If you are keen to try natural treatments for your dog it is first worth ensuring that his own natural skin defences are working as well as they possibly can. Skin health can be improved by adding Omega 6 and 3 oils to his diet to increase the essential fatty acids which they provide. Yumega Plus will provide the correct balance of these oils and will help calm the irritation and sensitivity in his skin. It will also make it more difficult for the pollen to penetrate the skin, so he would want to scratch less often. One of the natural ingredients in Yumega Plus is fresh salmon oil, which most dogs like and there is also more vitamin E than standard Yumega, to help dogs with sensitive skin.

Do make sure you brush his coat to remove any dirt, debris or trapped pollen and, at peak hay fever times, try wiping his coat with a damp towel after a walk to remove any pollen. Washing his bedding and brushes regularly will also help and, of course, do keep his flea control up to date.

Monday, 11 April 2011

Searching for a reputable breeder

Firstly I'd like to say what a lovely photograph you have of a Pointer on the cover of your May issue. It put a lump in my throat as it is the spitting image of my Bronte, an English Pointer who sadly died a few years ago.

I wonder if you can help me, but I'm looking for a reputable breeder of Poodle-collie cross and wondered if you know of any especially in the Gloucestershire/Worcestershire/Warwickshire area?

Suzanne Wynn, by email

Issues of consistency

I have a five-month-old Labradoodle who is vaccinated and wormed. I feed him a complete puppy food - one feed in the morning and another in the early evening. When he goes to toilet in the morning his stools are normal. However, when he toilets for the rest of the day they are much lighter in colour and runnier (the consistency of runny ice-cream). I also have an adult collie-GSD cross that I feed a complete meaty food and her stools are normal. Why do his stools change throughout the day and what can I do to get them normal?

Kim Farthing, by email

Can I stop him cocking?

Would it be reasonable to ask and enforce that a male dog does not cock his leg in our garden?

My husband and I would like to get two dogs and the advice seems to be that a male and female generally get on best. We used to have a female dog and she didn’t use the garden for toileting at all, I think because we walked her first thing and last thing. We would keep this routine with the newbies and they will be adult dogs. They will be welcome to pee and poop on the lawn; however, I don’t want the pee high up on shrubs and flowers. If it is reasonable to stop the male dog cocking his leg in the garden should I start this straightaway or should I at least let the dog settle in his new home so as not to stress, confuse or frighten him?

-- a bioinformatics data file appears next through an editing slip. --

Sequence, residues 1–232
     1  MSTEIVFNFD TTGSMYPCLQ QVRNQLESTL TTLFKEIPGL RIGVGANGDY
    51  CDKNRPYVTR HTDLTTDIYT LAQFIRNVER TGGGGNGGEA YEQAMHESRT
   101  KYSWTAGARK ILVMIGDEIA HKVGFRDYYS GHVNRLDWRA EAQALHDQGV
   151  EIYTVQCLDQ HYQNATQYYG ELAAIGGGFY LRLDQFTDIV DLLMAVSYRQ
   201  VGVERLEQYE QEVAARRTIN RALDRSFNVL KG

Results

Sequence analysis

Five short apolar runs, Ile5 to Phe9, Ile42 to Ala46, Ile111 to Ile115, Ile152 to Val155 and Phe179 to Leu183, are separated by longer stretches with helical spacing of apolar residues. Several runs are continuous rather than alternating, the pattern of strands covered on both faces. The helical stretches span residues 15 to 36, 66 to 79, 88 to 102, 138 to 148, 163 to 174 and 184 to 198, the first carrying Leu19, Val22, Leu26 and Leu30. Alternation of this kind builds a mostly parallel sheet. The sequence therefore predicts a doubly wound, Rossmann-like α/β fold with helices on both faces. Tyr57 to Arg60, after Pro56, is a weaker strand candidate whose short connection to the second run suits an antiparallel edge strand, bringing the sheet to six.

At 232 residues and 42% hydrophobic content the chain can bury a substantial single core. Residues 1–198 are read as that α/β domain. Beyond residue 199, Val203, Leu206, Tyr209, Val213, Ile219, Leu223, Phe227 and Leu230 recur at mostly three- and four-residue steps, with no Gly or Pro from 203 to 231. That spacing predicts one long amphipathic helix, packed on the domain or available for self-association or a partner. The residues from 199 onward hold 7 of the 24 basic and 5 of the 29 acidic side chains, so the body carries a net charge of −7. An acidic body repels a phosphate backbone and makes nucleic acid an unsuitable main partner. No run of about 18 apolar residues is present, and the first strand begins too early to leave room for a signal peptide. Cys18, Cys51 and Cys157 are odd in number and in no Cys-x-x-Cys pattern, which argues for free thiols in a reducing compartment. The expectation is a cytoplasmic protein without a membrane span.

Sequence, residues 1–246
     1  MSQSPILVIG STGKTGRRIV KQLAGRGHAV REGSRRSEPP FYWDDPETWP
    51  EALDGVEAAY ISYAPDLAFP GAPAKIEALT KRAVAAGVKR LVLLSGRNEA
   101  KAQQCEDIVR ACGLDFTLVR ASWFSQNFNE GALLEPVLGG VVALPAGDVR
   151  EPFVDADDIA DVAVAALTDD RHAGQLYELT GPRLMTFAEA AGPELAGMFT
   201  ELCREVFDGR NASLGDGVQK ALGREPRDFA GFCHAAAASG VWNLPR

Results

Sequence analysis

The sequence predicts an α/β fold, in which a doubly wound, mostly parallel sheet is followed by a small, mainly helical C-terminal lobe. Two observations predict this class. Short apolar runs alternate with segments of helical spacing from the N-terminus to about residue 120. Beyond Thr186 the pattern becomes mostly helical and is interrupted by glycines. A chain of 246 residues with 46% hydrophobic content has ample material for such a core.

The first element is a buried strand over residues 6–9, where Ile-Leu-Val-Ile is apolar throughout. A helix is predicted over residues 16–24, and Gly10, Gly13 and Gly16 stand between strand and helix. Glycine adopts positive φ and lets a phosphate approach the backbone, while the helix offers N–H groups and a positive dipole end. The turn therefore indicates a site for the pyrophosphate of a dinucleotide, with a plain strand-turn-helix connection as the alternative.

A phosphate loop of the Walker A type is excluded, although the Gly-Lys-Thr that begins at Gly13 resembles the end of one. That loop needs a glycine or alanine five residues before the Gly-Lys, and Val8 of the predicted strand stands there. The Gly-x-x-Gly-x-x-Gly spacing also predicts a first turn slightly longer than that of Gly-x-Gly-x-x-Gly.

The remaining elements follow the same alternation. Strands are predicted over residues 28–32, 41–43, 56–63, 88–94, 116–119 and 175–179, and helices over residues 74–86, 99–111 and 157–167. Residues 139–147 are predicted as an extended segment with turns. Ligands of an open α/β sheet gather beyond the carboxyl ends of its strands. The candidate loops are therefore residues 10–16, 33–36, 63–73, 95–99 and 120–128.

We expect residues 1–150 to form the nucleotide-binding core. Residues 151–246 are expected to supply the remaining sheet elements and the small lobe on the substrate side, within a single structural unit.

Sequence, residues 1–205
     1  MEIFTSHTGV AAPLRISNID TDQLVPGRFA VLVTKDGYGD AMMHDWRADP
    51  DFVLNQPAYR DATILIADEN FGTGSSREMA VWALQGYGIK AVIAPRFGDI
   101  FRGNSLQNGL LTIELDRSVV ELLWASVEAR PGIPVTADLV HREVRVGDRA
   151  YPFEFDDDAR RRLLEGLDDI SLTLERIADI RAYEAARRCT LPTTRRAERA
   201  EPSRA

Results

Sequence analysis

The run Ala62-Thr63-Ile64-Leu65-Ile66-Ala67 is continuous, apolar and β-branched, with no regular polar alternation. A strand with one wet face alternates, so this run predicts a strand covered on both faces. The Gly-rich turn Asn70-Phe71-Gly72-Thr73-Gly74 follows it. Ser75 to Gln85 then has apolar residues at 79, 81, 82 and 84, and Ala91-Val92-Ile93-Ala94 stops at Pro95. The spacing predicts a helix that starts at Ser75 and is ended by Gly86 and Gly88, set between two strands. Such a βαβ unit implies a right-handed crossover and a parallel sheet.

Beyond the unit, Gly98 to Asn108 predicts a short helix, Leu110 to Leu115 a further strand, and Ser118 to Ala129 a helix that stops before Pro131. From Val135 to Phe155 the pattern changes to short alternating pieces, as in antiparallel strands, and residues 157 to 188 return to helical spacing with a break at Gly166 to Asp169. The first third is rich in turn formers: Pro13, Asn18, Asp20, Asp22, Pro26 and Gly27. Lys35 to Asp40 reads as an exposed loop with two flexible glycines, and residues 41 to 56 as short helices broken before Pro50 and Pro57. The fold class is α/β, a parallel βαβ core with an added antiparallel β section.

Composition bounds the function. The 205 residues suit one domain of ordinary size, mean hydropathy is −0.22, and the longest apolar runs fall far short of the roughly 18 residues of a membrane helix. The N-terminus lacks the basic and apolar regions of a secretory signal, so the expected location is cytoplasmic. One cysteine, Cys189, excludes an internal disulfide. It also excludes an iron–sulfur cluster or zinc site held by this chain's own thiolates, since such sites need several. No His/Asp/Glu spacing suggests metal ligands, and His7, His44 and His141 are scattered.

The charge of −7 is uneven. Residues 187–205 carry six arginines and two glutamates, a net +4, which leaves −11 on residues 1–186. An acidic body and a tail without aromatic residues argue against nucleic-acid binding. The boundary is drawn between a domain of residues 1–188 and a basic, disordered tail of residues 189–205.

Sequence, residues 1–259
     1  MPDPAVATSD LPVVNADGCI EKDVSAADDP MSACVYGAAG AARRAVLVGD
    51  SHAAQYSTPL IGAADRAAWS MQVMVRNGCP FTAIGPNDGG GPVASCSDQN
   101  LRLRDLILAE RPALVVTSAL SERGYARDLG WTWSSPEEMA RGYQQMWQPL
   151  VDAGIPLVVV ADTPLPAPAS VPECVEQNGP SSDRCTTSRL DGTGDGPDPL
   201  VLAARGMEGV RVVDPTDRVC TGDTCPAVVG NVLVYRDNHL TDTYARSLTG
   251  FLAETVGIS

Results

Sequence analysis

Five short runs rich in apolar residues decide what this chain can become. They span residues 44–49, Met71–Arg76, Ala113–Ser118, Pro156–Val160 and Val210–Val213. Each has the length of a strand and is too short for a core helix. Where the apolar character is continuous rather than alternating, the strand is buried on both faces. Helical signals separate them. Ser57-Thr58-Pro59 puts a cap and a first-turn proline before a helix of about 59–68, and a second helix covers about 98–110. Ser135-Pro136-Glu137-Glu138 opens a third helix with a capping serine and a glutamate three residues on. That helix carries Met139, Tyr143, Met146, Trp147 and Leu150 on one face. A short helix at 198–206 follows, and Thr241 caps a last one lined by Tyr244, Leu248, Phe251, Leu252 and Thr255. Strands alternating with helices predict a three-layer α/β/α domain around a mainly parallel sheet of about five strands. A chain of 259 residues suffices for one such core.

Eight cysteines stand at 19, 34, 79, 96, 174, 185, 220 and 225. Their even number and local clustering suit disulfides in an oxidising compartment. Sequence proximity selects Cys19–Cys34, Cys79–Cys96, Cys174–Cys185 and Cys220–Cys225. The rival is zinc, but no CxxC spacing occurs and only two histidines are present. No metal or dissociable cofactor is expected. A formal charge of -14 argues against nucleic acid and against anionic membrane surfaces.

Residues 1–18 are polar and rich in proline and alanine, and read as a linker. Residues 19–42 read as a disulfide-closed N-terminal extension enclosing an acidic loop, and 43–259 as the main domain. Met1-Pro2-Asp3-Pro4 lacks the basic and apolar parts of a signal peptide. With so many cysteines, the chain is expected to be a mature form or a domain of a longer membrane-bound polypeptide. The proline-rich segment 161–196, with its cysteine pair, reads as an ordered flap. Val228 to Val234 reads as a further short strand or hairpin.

Laura, Oxfordshire, by email

Fitting advice

My sister's chocolate Labrador, Keane, has epilepsy and is having multiple fits every couple of months. He is currently on four tablets of Phenobarbitone twice a day, and this has been increased each time he has had seizures. He is constantly hungry and ironically is now not so keen on long walks which is leading to weight gain. It is heartbreaking to see such a wonderful and good natured dog go through this and I wondered if any Dogs Today readers could offer any advice?

Sarah Taylor, Cheshire, by email

We are very sorry to hear of the problems caused by Keane's epilepsy, and would suggest the Phyllis Croft Foundation for Canine Epilepsy as an excellent resource for owners of epileptic dogs, as the foundation is able to offer valuable advice and support.

Will a nebuliser help my dog?

My 11-year-old rescue Jack Russell has been diagnosed with Chronic Canine Bronchitis. He started having difficulty breathing in about 15 months ago and only now have we finally been able to get a diagnosis. It is tentative as further tests are not going ahead due to the risk involved with the anaesthesia. The vet and I are happy enough that the diagnosis is most likely correct. The symptoms and the lung x-ray certainly seem to support that conclusion, although he doesn’t have a cough, which is odd.

Unfortunately there is no cure and all we can do is hope to manage it. Steroids have had no worthwhile positive effect so far, but he is still currently taking 10mg a day of Prednoral to give some relief. He also takes a bronchodilator in pill form (Millophyline three times a day) and will continue to do so for the time being. No other treatment is being given at the moment but I am looking into the possibility of administering drugs via a nebuliser for dogs. The drug I have been recommended by the nebuliser company is fluticasone diproprionate (trade name Flixotide). They say I would only have to give it twice a day for five breaths (or approximately seven to ten seconds). That doesn’t seem too bad, but I know Jack Russells and I know my Jack Russell, and am wondering if he would let me do this? Also is there anything else I could be doing for him?